Going Nowhere (NSFW/Language)
Going Nowhere (2011, Travis Ardle, Dir.) is the director's rally back into film-making after his capstone Advanced Video project fell short of the Pima Community College course's minimum time standards. Unfortunately, Travis tends to write a rather fluffy screenplay, so the industry norm of 1 page of Final Draft script = 1 minute of screen time fell to the wayside again, though some of this can be attributed to on-the-fly paring of the script to meet production time constraints. As the editor of the film, it was my job to tighten up the flow of the footage in support of the story; this tightening rendered what was a least a six-page script into less than three minutes of screen time, even with two scenes of travel montage added as transitions. Travis' screenplay was a slave to dialogue with only a little non-verbal acting depicted. Before you critique the acting too harshly, please realize that Travis cast his friends in the roles, not "actors." That being said, James Maxam turned out a journeyman performance as the lead role of Leo, a man breaking ties with a criminal gang led by the lovely Diamond (Krissa Goodin). Jeff Meyhoff turned out a convincingly menacing thug, Dirk, and Kristine Downey an understatedly sweet Beth, Leo's love interest.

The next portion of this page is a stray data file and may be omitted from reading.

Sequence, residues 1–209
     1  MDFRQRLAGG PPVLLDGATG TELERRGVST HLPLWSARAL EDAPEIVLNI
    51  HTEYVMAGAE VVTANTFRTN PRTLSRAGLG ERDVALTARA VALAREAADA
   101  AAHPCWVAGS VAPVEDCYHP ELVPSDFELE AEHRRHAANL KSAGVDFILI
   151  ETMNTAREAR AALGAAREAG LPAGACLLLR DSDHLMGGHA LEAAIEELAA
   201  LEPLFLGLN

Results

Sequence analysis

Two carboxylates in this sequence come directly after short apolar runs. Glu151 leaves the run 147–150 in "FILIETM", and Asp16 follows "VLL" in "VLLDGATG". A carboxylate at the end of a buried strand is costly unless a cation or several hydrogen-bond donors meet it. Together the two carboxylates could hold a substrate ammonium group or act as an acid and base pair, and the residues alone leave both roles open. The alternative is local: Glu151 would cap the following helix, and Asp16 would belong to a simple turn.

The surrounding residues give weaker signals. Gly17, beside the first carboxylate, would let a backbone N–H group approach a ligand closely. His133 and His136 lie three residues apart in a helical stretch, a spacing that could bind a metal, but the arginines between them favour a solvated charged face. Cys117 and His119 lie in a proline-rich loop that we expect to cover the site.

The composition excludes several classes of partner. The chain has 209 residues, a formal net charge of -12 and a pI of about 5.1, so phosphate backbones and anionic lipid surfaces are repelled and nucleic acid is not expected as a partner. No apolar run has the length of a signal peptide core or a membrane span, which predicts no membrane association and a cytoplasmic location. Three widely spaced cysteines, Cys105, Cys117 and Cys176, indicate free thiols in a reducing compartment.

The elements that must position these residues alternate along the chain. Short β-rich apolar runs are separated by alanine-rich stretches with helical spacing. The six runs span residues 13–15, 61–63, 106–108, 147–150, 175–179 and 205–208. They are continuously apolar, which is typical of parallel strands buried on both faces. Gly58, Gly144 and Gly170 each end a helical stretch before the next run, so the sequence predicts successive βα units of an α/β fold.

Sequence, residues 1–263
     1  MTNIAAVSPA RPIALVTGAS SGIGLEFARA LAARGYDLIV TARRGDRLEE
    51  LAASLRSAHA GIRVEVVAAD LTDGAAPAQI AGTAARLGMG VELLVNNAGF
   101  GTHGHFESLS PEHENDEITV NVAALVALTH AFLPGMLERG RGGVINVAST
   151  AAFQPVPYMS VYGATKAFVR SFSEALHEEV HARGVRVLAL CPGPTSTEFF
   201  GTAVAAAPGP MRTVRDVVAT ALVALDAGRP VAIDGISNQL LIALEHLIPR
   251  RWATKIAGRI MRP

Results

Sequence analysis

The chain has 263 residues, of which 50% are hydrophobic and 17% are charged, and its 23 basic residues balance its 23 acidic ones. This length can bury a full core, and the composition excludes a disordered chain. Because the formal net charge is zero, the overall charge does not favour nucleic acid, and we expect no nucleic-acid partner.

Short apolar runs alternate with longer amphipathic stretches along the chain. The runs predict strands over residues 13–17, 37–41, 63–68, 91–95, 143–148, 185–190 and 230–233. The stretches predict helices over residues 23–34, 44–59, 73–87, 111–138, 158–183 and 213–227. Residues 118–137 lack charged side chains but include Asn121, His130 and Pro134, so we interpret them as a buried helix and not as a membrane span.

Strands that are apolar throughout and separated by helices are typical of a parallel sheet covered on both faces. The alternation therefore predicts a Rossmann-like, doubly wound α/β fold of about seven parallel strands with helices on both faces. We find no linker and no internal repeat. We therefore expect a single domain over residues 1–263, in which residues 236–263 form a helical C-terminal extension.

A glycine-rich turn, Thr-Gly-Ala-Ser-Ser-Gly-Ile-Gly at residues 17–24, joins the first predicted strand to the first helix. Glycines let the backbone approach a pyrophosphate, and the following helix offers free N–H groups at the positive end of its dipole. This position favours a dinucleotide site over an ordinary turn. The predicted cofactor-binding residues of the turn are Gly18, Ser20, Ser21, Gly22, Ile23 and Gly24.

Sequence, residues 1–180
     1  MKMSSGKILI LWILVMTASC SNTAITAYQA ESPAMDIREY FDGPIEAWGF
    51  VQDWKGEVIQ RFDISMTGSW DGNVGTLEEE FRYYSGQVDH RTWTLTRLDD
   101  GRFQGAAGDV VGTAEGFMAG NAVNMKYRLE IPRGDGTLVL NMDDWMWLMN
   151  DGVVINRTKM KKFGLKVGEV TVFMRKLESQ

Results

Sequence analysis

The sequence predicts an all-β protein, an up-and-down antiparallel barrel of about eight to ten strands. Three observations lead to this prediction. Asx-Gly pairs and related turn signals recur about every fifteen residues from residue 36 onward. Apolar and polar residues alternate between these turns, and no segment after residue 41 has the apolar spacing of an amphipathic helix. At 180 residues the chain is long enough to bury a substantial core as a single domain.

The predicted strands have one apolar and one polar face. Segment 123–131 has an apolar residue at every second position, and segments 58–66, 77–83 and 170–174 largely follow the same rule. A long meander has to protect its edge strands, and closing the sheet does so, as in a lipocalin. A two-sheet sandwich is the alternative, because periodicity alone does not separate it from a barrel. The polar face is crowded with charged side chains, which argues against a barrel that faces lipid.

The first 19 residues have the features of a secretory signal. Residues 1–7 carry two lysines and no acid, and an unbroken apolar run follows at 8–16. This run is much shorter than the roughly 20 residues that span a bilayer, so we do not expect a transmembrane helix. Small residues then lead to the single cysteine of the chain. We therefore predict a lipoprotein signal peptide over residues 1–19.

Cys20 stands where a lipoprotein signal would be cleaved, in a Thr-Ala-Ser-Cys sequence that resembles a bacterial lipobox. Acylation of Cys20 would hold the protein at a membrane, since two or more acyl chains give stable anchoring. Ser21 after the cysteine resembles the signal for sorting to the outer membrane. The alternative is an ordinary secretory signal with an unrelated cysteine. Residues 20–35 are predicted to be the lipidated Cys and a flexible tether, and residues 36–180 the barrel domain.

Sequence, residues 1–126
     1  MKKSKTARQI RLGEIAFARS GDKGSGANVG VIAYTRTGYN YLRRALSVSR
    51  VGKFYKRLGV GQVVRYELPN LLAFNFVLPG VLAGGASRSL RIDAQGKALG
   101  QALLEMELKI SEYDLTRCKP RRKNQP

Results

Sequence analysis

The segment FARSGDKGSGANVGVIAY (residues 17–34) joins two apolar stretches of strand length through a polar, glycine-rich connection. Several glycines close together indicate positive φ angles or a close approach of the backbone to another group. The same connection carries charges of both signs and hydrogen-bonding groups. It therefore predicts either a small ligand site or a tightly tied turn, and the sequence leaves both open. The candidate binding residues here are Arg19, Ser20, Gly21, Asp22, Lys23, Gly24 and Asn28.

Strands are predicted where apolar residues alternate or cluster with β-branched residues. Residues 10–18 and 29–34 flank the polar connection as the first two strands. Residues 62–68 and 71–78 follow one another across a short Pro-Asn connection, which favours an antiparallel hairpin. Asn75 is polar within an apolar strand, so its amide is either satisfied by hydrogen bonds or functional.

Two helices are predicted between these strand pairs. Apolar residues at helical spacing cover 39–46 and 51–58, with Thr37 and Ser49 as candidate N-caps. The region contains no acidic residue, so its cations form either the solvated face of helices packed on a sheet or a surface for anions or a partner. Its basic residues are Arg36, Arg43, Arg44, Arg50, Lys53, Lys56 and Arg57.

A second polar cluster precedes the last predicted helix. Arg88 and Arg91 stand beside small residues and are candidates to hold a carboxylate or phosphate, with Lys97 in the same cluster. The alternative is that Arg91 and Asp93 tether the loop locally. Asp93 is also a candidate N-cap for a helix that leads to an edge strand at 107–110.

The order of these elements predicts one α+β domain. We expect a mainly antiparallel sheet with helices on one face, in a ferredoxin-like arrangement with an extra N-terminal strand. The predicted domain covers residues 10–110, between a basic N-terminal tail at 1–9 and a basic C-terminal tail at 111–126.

Going Nowhere benefited from the cinematography of Mario Silvas' deft camera work and lighting direction; my audio mixing managed not to screw up the short, which is really all you can ask of the "invisible art."
Travis and his cast have already expressed interest in a sequel and I hope he leads them through some structured rehearsals before the shoot. That way, Krissa can master the dialogue beforehand and concentrate on emoting on-camera... she should have plenty to emote about, after what Leo did to her.
Maxam is a member of the local metal band We Killed the Union with Sean Raines (who voiced the police officer). Sean (WKTU's Screamer-in-Chief) gave me a copy of their latest indie CD "Bloodset Arizona" during the shoot and the next day I popped it into the Stang's player on the way to town. Holy cow, that was intense! Blasting down the Interstate with the top down, volume cranked to Eleventy to fight the wind noise, it was better than a Five-Hour Energy Drink! By the time I hit the off-ramp, the more sedate "Mud River Blood" cued up and I knew we had the soundtrack cut before Mr. Ardle even told me.
If Travis still talks to me after this review, I hope he'll keep me in mind for crewing the sequel(s).